Cooking is a Challenge When You Have ARFID

Cooking is a Challenge When You Have ARFID

A big struggle that people with ARFID face is their lack of knowledge in the kitchen! We typically have little reason to adventure into the wonderful world of cooking. This can mean that we’re often left questioning even the simplest of things.

Others might think it crazy that we don’t have a clue how to cut a spring onion or how to fry an egg. Well, I’m going to let you in on the secret of why cooking when you struggle with ARFID can be such a challenge!

Why not pin it for later?

Have you been keeping up to date with my social media? Then you’ll know that The Itchy Coeliac is about to drop its first ever video series! Exciting!

It’s a series where I’m joined in the kitchen with my sister. We’re cooking gluten free meals together (despite neither of us being able to make much more than instant noodles!). We’ll be making a range of different dishes, pushing me out of my comfort zone as I sit down at the table with her to give things a try.

This week we filmed Episode 1 and it got me thinking. There are a lot of people who don’t realise just how difficult cooking can be when you have ARFID. Not only that, but we often lack the basic cooking skills others have. 

I want to bring a bit more awareness to this issue. It’s something that can often be cause for ridicule or feelings of inadequacy – despite having perfectly valid reasons!

Want to know everything there is to know about ARFID? Check out my ultimate guide that gives you all the info on Avoidant Restrictive Food Intake Disorder!

We like to keep it simple

Let’s first look into the reason that we don’t know much about what it’s like to be a gourmet chef! It’s really simple when you think about it.

Most people with ARFID prefer foods that can be dependable, consistent and simple. This is because we will always know what to expect when we eat them. We’ll recognise the packaging, the taste, the smell, the feel. 

This familiarity provides the comfort we need to be able to eat that food comfortably. These foods tend to be things like snacks, crisps, microwave meals, simple freezer to oven items. 

For this reason, there doesn’t tend to be much cooking involved! You can just grab that packet of crisps from the cupboard. Or you can just put the pizza straight in the oven. 

Usually food that needs to be cooked is much more complex and uses more ingredients than we might be comfortable with. Plus depending on who’s making it and how, it can be inconsistent. 

For this reason, people with ARFID are not usually masters in the kitchen. It’s important to note this might not apply to everyone! I’m just speaking from my own personal experience on this one. 

I’ve never needed to know how to cook lasagne because it’s not something I would ever eat. I didn’t have the motivation to learn how to defrost and roast a chicken. I’d never choose to make that for myself so why would I?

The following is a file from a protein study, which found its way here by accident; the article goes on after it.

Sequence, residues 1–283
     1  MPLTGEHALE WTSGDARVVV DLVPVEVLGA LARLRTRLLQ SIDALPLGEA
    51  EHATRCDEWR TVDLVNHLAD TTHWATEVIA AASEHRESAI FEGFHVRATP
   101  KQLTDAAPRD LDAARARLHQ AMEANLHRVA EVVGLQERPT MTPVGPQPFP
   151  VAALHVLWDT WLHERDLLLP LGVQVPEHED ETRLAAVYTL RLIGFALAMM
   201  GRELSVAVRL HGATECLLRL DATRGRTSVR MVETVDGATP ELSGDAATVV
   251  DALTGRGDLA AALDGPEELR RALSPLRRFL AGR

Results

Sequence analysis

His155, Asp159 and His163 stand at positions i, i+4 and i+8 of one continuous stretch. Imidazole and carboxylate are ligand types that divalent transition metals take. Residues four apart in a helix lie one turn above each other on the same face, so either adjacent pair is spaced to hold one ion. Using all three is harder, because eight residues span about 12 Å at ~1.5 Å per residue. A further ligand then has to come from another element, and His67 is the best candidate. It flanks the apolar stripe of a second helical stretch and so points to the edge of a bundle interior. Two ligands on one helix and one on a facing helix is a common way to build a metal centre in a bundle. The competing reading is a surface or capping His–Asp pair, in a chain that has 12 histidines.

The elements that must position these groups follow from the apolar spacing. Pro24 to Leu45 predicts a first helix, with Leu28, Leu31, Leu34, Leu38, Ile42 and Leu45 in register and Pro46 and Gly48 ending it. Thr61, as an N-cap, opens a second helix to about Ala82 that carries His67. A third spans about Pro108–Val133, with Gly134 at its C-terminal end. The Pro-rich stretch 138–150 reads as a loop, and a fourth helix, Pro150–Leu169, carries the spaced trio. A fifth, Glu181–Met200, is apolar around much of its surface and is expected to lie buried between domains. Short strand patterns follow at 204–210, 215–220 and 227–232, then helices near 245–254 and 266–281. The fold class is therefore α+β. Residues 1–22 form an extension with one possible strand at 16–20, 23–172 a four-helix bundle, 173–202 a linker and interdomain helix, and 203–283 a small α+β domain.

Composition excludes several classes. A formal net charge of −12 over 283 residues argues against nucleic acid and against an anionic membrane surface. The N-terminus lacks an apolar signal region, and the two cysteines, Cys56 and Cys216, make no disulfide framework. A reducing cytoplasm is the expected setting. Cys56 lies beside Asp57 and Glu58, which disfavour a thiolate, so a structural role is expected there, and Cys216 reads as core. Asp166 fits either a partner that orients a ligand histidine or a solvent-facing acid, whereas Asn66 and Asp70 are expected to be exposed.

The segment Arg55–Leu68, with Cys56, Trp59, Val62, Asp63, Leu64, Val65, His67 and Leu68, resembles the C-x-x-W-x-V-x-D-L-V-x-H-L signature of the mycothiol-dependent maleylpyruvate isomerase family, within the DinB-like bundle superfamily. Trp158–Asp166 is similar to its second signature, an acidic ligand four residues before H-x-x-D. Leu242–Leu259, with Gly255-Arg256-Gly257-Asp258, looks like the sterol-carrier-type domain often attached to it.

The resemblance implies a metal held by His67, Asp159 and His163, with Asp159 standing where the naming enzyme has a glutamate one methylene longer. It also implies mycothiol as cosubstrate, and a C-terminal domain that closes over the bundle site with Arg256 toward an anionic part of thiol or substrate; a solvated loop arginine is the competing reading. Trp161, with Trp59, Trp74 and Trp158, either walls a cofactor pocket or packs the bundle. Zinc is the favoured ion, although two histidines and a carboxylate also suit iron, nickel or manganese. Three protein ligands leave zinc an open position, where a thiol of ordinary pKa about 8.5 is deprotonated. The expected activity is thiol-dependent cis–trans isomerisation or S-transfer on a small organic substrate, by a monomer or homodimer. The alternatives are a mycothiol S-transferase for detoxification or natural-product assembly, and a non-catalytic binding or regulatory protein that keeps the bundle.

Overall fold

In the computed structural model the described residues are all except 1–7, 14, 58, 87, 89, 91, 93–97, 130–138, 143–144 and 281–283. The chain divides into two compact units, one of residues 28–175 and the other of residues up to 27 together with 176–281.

That being said – I can tell you how to time your frozen pizza to get the edges crispy but the cheese in the middle melted just right!

Pizza is a simple, easy food for someone with ARFID to make

Cooking with ARFID can be heavy on the senses

One subtype of ARFID is called ‘Avoidant ARFID’. This is when we struggle due to sensory issues such as taste, smell and texture of foods. As you can imagine, this can make cooking a little tricky!

While filming the first episode of CC’s Coeliac Taste Tests, one thing I noticed very early on was how difficult I found it to handle some of the ingredients. 

Certain smells and textures can be very triggering and cause anxiety when it comes to actually eating the food. Because of this, we might choose to stay away from cooking so we don’t have to deal with those triggers.

For me, the handling of raw chicken was a difficult one. It was very slimy and wet and made alarm bells ring in my head. Why? I’m not really sure. Sometimes even we don’t understand why we are reacting the way we are. 

Another one I struggled with was BBQ sauce. 

From the moment I read the recipe, that particular ingredient stuck with me. I’ve always had issues with condiments so I knew that would be a challenge.

Even from handling the bottle I was feeling anxious. For the most part I made my sister deal with it because I knew it was worrying me. Both the smell and the look of it made me feel on edge. Even now, I know that I’m going to ask her to put it in the top shelf of my cupboard and that’s where it’ll stay for the rest of time.

When there are certain ingredients involved in a recipe, people with ARFID may shy away from trying to cook them. It’s just not worth the stress of having to use the product when we know our simple safe foods are readily available.

There are other sensory issues to take into consideration as well. A lot of times when cooking, things can become more assaulting to the senses as you go. 

Onions are a good example of this. While the smell might be minimal when it’s on the table, when you cut into it you’re suddenly surrounded by it and it becomes very strong.

This can be true for how foods look also. After being cooked, the look and texture of foods can change. Watching something you love turn into a big goopy mess isn’t always fun! Regardless of how it might taste.

For someone who deals with the avoidant side of ARFID, cooking can really be a challenge. Having to manage your thoughts and feelings towards so many smells, textures and tastes all at once can definitely be an overwhelming experience.

We’re not often exposed to cooking experiences

The social aspects of having ARFID can be limiting in more ways than you might think. One of these is that by not going out and enjoying new foods and cooking experiences, we don’t acquire the knowledge that others might.

Most people tend to pick up ideas for new dishes and how to cook them when they eat out at restaurants or at a friend’s house.